It was a good news/not-so-good-news quarter for U.S. Steel (NYSE:X). On the one hand, the company's profit increased more than threefold, but on the other hand, its outlook for the fourth quarter and beyond was less than inspiring.

For the quarter, the company reported net income of $919 million, or $7.79 a share, versus $269 million, or $2.27 per share, for the same quarter last year. In addition, EPS for the most recent quarter was reduced by $0.67 by union-related employee signing bonuses, along with environmental remediation charges. Backing out those one-time items, the company's bottom-line results for the latest quarter came to $8.79. Consensus expectations had been for EPS to come in at $7.09, excluding the special items.

The company's flat-rolled operation yielded income of $835 million, up from $170 million in the third quarter of 2007. The driver was a nearly 200% increase in per-ton prices for the product, which is used in a variety of applications, including appliances and vehicle exteriors.

In the tubular goods sector -- which has primarily oilfield applications -- income jumped to $420 million from $74 million as a result of higher prices. At the same time, U.S. Steel's European operation saw its earnings slide as raw materials costs increased and shipments were reduced.

U.S. Steel's primary competitor, Luxembourg-based Arcelor Mittal (NYSE:MT), will report next week, with forecasters expecting a near-doubling of that company's EPS. Nevertheless, a progressively more stagnant global economy and sliding commodities prices have taken their toll on the share prices of such big mining and metals companies as BHP Billiton (NYSE:BHP) and Rio Tinto (NYSE:RTP), along with aluminum manufacturer Alcoa (NYSE:AA), and copper, gold, and molybdenum producer Freeport-McMoRan (NYSE:FCX).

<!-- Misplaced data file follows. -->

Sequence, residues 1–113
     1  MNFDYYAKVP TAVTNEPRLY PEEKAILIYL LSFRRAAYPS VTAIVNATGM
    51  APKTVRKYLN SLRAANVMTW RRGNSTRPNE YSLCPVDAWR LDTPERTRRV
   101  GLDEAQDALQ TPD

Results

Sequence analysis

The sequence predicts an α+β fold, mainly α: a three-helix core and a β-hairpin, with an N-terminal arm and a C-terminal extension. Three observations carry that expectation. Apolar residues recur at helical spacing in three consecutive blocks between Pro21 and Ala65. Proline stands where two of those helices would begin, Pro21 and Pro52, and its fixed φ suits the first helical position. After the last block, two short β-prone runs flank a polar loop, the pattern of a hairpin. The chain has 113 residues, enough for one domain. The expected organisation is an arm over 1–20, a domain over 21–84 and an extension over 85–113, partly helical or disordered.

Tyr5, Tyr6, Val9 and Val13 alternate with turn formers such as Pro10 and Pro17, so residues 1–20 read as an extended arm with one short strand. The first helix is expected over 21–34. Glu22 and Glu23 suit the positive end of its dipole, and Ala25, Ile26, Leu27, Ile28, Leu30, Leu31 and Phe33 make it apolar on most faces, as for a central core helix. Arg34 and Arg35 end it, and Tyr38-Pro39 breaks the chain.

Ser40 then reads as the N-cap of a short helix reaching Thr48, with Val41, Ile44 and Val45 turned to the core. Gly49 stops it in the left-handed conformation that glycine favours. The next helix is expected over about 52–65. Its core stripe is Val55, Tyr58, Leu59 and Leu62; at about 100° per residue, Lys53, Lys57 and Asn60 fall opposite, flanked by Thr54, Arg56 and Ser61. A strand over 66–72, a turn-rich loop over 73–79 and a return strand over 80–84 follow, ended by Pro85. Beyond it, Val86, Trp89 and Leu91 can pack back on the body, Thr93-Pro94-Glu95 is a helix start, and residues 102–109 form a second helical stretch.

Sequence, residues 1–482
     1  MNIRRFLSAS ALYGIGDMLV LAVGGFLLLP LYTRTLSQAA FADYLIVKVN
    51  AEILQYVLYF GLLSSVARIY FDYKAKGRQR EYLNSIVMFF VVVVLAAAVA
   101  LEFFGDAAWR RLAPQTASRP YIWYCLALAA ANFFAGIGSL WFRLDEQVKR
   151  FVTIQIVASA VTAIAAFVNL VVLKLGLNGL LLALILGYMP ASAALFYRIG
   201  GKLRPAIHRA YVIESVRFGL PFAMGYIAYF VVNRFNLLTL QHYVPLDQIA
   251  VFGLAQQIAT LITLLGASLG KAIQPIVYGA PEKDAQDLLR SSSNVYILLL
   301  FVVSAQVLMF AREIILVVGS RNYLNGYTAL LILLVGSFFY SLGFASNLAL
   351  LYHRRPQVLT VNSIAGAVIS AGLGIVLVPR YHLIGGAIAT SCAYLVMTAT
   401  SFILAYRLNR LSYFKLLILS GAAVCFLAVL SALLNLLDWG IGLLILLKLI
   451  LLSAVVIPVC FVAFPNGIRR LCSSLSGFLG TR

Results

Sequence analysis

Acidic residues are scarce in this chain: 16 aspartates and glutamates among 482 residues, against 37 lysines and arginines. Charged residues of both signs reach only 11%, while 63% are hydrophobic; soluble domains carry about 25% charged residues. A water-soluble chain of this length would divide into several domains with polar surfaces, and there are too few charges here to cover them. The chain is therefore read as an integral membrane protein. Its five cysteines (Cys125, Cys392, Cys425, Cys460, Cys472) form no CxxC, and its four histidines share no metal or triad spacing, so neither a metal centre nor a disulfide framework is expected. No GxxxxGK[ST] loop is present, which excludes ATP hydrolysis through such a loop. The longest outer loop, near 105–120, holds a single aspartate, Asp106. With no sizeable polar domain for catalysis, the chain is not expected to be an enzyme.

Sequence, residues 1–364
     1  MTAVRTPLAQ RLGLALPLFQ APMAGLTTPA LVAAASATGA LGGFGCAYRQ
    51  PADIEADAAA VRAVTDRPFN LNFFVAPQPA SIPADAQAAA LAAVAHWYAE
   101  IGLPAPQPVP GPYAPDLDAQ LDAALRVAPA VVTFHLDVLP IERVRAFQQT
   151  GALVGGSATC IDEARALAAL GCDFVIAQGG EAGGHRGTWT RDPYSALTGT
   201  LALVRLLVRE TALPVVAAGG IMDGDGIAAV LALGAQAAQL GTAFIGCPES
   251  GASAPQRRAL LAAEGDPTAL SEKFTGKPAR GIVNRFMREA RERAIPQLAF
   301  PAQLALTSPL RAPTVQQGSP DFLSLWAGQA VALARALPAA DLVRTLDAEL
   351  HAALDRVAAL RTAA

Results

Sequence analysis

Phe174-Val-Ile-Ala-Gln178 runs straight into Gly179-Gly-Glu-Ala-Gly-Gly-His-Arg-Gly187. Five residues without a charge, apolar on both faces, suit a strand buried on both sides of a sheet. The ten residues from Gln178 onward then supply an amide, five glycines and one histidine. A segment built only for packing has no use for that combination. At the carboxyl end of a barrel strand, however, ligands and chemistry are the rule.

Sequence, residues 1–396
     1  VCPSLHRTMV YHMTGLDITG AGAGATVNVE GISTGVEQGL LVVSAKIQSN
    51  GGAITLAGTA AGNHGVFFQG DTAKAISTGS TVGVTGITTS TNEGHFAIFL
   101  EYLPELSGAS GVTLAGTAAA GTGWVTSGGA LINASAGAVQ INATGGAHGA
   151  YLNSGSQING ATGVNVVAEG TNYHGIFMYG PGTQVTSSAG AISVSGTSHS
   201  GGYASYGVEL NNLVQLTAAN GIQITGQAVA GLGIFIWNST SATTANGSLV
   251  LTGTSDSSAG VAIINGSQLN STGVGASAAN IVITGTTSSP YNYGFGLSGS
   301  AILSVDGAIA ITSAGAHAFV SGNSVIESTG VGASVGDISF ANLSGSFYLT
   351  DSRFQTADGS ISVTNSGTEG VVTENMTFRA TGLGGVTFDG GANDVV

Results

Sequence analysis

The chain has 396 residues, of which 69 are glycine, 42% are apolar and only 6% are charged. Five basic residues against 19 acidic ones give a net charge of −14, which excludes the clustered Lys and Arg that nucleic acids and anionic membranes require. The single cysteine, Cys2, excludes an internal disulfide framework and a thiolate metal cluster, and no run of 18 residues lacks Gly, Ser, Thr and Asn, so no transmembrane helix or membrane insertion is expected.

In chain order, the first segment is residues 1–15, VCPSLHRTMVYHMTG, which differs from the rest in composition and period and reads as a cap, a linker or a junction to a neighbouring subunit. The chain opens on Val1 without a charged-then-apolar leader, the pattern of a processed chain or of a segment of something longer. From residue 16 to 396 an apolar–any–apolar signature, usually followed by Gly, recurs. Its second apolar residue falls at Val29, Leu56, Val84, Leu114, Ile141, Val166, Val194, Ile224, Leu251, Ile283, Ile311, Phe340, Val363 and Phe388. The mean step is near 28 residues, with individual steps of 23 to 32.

Despite the company's strong quarter, U.S. Steel CEO John Surma was quite cautionary on his call, noting that the sharp drop in the market toward the end of the third quarter was "unlike any we have seen." Further, given that same drop-off and the lack of forward visibility, the World Steel Association decided against producing its annual world forecast last month.

As such, with the global steel picture being as murky and unpredictable as it appears, especially to those who should know, I'd urge my Foolish friends to find other uses for their investment shekels until that picture begins to brighten.

Motley Fool CAPS players have awarded U.S. Steel three stars, out of a possible five. What's your take on the company?

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Fool contributor David Lee Smith does own shares in U.S. Steel, but not in any of the other companies mentioned. He does welcome your questions of comments. The Fool has a well-forged disclosure policy.